Throughout 2018, various representatives of civil, political and cultural society in Armenia came to Jermuk to show their solidarity with members of local communities and activists who had blocked the roads leading to Amulsar Mountain. Ms. Yenoqyan hosted many of these visitors and provided support during their stay, alongside playing a key coordination role in the different actions and debates taking place in the community. She represented the community’s position in the working group that had been created under the decree of the Prime Minister Nikol Pshinya in order to study mining projects and any negative impacts on human rights and the environment they may cause. She was also in charge of recording and publishing the meetings minutes.
On 6 September 2018, Ms. Yenoqyan filed a complaint with the police following the collection and publication of videos and photos of her house, which were published alongside abusive comments defaming her in connection to her work on the Amulsar project. The police opened a criminal investigation into the case, which led to the identification of two individuals involved in allegedly illegal camera surveillance and the use of fake Facebook accounts, who are Lydian Armenia’s former employees. The case was initially closed by the Vayots Dzor Regional Prosecutor’s office, but Ms. Yenoqyan then requested the Ararat and Vayots Dzor District Court of General Jurisdiction to consider the case. Ms. Yenoqyan received 308,000 AMD (approximately 800 USD) as a compensation against reputational damages.
On 12 September 2018, residents of Jermuk, Gndevaz and Kechut villages organized a solidarity action in defense of Amulsar, which concluded with a rally during which various statements were delivered, including by Ms. Yenoqyan. On 5 September 2019, Lydian Armenia filed a 1,000,000 AMD (approximately 2,600 USD) legal claim against Ms. Yenoqyan, alleging that the speech she has delivered in 2018 on the occasion of the rally was damaging Lydian Armenia’s business reputation. On 15 December 2021, in first instance, Armenia’s Court ruled in favour of Lydian Armenia as partially satisfying the claim. Both Ms. Yenoqyan and Lydian Armenia filed an appeal against this decision to the Court of Appeals. On 22 July 2022, the court rejected the complaint of Ms. Yenoqyan’s, ruling in favour of the company and ordered that Ms. Yenoqyan publicly refutes “the slanderous information” and that she pays 500,000 AMD (approximately 1,300 USD) for defamation and 500,000 AMD as material compensation “for the insult” to the company. The Court of Appeals also ordered Ms. Yenoqyan to pay legal costs, including 24,000 AMD as an advance payment to the State as legal fees and 200,000 AMD for the company’s legal expenses and attorney fees.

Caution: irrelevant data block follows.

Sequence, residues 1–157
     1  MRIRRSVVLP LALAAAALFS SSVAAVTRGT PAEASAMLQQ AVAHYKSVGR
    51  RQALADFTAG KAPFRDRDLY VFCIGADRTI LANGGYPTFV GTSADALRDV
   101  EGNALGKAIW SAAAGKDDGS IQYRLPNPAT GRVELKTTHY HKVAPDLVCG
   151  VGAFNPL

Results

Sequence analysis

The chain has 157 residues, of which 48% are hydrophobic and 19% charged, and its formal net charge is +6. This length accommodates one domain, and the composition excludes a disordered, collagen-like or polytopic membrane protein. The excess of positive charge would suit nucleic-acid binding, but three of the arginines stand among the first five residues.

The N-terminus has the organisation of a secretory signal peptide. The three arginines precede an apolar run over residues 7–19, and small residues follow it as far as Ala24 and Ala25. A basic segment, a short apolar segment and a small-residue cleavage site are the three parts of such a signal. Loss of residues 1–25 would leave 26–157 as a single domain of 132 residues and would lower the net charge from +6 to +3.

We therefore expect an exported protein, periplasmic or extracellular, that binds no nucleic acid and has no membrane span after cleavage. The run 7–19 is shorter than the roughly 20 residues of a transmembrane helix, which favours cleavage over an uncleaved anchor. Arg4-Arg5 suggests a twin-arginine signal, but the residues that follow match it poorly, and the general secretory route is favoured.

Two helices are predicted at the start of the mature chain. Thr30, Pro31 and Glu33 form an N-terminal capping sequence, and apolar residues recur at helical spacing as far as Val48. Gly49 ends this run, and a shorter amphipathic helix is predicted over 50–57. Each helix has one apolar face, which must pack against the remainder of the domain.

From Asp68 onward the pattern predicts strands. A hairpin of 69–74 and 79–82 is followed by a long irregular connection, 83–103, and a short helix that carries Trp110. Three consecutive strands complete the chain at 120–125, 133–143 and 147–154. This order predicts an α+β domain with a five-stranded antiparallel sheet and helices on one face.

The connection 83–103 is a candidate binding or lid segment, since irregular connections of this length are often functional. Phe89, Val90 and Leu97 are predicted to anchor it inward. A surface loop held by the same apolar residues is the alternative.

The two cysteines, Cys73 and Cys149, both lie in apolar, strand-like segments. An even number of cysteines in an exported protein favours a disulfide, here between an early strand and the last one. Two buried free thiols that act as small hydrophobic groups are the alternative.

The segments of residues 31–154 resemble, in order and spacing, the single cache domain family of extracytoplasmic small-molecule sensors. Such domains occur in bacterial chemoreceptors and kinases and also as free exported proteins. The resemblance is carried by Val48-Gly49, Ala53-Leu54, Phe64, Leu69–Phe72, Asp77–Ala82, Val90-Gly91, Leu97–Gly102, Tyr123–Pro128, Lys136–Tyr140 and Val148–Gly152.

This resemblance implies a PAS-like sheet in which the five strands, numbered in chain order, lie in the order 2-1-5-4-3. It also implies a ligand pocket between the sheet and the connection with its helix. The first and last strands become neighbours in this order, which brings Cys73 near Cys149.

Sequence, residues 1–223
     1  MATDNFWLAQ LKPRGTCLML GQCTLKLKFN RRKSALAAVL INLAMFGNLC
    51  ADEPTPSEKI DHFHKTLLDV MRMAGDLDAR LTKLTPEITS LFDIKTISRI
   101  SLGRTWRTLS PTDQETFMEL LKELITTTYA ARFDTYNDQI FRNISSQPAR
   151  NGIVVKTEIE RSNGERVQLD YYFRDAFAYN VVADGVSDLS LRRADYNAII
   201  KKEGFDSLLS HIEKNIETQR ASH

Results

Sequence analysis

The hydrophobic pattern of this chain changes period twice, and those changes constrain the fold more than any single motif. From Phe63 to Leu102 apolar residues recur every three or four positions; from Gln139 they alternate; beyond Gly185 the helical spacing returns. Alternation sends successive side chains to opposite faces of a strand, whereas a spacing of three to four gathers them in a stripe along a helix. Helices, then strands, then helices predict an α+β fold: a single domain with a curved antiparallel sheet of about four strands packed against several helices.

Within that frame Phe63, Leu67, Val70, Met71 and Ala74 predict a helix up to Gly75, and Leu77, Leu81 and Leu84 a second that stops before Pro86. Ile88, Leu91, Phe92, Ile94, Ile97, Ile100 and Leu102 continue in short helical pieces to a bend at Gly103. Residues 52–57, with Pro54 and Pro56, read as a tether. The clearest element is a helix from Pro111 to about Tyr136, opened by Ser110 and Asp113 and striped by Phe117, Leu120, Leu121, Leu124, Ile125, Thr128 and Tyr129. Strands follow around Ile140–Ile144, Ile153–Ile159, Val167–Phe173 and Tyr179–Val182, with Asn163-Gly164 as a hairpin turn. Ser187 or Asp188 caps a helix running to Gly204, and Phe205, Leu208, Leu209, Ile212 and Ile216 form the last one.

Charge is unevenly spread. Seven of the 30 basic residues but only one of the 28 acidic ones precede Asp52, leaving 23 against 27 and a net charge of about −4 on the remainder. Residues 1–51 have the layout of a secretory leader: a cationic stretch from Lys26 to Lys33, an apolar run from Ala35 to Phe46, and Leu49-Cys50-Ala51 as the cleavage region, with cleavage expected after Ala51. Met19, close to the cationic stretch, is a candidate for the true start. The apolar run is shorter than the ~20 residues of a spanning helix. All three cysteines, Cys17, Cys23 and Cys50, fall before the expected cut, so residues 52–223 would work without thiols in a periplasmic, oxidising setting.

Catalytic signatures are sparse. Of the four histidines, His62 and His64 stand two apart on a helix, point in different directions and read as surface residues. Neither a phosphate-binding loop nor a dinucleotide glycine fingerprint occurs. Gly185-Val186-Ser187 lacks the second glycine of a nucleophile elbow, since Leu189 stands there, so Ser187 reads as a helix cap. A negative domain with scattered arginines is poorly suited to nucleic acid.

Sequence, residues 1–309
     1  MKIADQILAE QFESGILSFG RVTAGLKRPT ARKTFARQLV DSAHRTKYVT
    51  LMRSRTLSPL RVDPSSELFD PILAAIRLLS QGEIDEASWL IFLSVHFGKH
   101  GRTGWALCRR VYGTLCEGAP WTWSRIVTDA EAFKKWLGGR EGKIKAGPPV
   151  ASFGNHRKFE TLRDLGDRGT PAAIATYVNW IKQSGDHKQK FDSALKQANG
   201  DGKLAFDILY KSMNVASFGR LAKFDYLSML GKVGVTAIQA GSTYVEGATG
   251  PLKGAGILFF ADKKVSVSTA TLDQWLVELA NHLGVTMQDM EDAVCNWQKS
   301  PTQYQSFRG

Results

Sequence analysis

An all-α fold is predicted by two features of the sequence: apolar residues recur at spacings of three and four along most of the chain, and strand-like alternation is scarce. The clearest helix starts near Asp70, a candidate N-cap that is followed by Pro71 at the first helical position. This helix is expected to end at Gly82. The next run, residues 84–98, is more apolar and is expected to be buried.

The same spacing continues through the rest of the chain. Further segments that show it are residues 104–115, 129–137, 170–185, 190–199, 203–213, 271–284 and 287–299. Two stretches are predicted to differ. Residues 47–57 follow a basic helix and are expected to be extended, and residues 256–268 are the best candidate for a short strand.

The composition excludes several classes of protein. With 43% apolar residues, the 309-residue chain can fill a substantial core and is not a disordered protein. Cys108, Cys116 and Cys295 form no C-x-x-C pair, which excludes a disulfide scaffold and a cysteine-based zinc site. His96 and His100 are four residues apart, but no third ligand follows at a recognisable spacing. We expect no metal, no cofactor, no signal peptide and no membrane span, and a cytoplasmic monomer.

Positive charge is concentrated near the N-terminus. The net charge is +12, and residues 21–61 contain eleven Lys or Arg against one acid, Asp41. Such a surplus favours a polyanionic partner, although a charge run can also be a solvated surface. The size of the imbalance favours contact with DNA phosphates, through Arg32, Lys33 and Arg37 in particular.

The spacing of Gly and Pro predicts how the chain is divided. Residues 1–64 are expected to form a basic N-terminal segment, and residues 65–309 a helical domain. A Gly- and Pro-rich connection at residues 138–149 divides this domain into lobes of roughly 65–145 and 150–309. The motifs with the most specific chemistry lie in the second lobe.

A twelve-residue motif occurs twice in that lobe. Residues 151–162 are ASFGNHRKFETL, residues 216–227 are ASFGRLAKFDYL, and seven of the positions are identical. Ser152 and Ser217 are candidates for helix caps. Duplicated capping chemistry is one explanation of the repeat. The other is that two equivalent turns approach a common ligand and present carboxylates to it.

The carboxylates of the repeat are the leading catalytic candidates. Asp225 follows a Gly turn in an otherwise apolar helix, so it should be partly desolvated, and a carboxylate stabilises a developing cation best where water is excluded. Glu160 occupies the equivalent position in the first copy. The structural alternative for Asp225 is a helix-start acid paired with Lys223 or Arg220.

On 9 November 2022, Ms. Yenoqyan filed an appeal against the decision of the Court of Appeals to the Court of Cassation, which, however, was rejected.
On 1 December 2022, Ms. Yenoqyan relayed on her Facebook page a publication from the environmental civil society organization “Right-holder residents of Kapan”, which was posted one day earlier. She included the following text in her post: “Yesterday, the pipeline going from Zangezur Copper-Molybdenum Combine (ZCMC) to its tailing dam broke down again, the Voghji river was again polluted, a criminal case was again initiated and it will be again forgotten, there will be a cover-up and they will move on.”, and a link to a 2019 documentary that she had made on the negative impact of mines in Armenia. Following this publication, Zangezur Copper-Molybdenum Combine CJSC filed a claim for 6,000,000 AMD (approximately 15,600 USD) for damages.
In addition to the above-mentioned criminalization of Ms. Yenoqyan she, as well as other journalists and environmental human rights defenders have been targeted by smear campaigns on social media by Lydian Armenia. Offensive sexist posts have been published on Facebook targeting Ms. Yenoqyan and another woman environmental human rights defender. In April 2019, three of these human rights defenders, including Ms. Yenoqyan, applied to the Yerevan Court of General Jurisdiction seeking remedy. The court decision required Lydian Armenia to compensate each of the three defamed environmental human rights defender.
The information described above raises serious concerns that gold mining companies in Armenia have increased acts of intimidation and criminalization of environmental human rights defenders and journalists. We are particularly concerned about the abuse of defamation lawsuits filed against Ms. Yenoqyan. These lawsuits appear to qualify as strategic lawsuits against public participation (SLAPPs), aimed at silencing Ms. Yenoqyan through intimidation and exhausting resources.
Concern is also expressed that the Armenian Government may have failed to protect against human rights abuses within its territory and/or jurisdiction by third parties, including business enterprises. This duty to protect human rights requires taking appropriate steps in relation to business enterprises to prevent, investigate, punish and redress such abuse through effective policies, legislation, regulations and adjudication.